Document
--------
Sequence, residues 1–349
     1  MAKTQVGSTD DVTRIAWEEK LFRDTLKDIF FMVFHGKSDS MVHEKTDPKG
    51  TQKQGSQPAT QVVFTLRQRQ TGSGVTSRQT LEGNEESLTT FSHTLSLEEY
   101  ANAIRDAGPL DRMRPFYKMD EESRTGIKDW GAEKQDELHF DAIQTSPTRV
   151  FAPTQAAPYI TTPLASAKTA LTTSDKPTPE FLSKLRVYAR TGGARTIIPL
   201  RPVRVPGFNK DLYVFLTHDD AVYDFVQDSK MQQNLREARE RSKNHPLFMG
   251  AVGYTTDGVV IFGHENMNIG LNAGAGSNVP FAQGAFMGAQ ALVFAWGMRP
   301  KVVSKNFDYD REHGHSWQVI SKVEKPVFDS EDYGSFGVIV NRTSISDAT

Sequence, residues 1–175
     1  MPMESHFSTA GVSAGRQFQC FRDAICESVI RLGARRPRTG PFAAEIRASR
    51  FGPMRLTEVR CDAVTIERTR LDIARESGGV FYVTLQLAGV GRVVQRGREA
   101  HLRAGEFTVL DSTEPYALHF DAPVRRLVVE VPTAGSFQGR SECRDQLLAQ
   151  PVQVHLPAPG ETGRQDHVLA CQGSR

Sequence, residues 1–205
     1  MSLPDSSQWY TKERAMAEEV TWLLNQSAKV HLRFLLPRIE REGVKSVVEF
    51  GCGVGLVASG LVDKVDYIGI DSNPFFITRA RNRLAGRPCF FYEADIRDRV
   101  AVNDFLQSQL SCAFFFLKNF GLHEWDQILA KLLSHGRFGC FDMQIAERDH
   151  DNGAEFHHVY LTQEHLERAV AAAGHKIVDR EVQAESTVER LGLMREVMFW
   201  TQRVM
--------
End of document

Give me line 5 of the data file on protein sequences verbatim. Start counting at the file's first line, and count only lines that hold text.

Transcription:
   151  FAPTQAAPYI TTPLASAKTA LTTSDKPTPE FLSKLRVYAR TGGARTIIPL